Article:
We also loved Christmastime. It was natural, both of our birthdays fall close to Christmas, and growing up we shared the celebration of our birthdays. Throughout her life, Shannon took particular delight in the details of preparation for the big day. Anyone who had been to her apartments at Juniata or UVA knows this as well. At home, getting the tree with Dad, decorating it in just the right way, and as she got older, taking on some of the baking duties gave her such joy. I loved these candy cane cookies (they didn’t taste like them just looked like them) that my mom made when I was young and, knowing how much I loved them as a kid, out of nowhere a few years ago Shannon began making them herself and had made them every year since. She could bake the hell out of a cheesecake too. My mom’s is loved by all but some may not be aware that my sister’s was actually the featured cake at Easter these past few years.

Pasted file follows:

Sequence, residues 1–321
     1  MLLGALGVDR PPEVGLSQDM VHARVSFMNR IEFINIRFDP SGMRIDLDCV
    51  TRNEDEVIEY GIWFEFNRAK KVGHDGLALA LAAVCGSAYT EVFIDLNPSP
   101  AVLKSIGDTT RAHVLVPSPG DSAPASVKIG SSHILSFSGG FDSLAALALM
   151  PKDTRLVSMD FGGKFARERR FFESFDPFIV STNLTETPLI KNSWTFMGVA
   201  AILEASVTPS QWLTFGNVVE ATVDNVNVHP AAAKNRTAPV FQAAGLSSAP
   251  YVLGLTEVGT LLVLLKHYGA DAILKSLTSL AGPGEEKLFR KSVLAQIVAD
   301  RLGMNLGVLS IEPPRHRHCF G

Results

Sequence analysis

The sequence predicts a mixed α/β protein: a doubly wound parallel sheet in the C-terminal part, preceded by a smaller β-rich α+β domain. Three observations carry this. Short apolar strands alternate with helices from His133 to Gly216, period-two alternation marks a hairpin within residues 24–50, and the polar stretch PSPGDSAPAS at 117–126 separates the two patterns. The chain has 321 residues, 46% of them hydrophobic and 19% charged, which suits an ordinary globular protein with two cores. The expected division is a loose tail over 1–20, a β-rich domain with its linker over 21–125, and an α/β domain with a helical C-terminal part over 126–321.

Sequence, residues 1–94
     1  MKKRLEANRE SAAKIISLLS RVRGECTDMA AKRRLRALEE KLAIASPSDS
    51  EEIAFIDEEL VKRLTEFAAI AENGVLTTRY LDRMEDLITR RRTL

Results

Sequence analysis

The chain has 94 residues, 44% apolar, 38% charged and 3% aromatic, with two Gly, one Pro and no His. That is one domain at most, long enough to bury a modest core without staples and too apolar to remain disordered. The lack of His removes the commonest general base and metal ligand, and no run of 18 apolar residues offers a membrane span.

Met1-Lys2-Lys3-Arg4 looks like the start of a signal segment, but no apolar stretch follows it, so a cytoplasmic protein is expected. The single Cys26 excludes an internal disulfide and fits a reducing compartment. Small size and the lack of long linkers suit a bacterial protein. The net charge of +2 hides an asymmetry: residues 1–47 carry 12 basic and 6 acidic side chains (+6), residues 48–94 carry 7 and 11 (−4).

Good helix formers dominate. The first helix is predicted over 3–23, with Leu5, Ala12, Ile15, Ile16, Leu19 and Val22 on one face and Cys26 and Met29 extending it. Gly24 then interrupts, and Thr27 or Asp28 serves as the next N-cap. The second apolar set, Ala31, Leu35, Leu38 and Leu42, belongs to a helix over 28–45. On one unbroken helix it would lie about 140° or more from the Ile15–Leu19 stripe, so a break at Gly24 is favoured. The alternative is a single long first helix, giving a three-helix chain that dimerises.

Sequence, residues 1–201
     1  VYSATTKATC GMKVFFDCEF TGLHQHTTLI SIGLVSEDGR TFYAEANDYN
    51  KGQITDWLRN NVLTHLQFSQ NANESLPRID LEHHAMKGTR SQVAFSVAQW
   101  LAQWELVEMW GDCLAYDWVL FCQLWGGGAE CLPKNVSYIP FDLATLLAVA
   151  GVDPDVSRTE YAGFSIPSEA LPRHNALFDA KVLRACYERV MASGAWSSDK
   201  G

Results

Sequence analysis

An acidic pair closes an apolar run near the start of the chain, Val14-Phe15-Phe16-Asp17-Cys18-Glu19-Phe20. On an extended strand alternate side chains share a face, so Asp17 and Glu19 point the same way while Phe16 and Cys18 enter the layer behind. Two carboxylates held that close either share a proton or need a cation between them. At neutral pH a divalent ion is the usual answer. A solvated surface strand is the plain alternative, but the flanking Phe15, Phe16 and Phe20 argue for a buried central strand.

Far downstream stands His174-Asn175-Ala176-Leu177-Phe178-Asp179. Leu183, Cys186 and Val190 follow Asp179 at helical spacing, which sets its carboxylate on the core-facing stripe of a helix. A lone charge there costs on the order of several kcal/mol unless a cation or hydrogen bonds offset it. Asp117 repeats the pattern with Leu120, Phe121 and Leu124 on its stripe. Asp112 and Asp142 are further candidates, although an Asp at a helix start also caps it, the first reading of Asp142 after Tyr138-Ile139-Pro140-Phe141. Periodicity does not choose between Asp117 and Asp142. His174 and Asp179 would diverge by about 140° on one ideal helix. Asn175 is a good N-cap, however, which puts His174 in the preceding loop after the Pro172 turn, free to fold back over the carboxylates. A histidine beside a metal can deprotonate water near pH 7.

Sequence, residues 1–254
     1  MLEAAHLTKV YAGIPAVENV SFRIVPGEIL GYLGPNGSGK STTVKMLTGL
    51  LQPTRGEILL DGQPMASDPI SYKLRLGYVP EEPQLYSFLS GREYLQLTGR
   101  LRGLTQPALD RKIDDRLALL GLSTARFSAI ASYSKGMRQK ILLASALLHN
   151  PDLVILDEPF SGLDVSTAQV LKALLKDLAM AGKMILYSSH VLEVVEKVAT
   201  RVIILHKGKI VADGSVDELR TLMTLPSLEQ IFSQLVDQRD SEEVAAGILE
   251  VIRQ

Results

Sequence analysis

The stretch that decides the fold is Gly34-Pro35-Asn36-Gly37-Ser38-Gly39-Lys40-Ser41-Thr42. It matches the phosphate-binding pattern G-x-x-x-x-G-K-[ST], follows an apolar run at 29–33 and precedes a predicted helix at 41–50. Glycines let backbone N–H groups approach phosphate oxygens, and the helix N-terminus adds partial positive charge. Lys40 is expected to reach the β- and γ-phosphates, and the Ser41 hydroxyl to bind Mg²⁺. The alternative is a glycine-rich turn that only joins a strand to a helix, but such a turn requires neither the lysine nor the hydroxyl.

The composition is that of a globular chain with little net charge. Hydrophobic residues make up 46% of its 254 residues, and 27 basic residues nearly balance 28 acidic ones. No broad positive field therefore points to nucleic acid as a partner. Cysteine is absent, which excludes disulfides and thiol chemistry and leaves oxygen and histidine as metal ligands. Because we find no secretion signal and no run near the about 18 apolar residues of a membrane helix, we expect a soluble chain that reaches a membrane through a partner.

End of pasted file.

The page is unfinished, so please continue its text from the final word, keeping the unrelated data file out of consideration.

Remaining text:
During our teen years we were a little distant and we struggled to find common ground until Shannon was in college. I vividly remember the turning point. Can’t remember what year it was but Shannon was going to spend the summer at Juniata, maybe it was after her sophomore year, so maybe 1999. I drove her there on July 4th. On the long ride we listened to music, shared college stories that we’d never share in front of our parents, laughed and talked and connected in a way that we had not done before. Out to dinner, over a beer or two, we joked that we had become adults and were entering a new phase of our relationship. Ever since that day we shared in the knowledge that we were there for each other as needed. After graduating Juniata, Shannon moved on to her PhD program at the University of Virginia and I was fortunate to be able to visit her at least once a year. Those times in Charlottesville are particularly special to me because its not only where we strengthened our bond over beers and trips to visit local wineries and Thomas Jefferson’s Monticello, but, once I started dating Erin, its where Shannon was able to bond with her. Although not sisters by blood, they shared a special relationship and I know they had more than a few conversations that the details of which have never been shared with me. Believe me, I tried.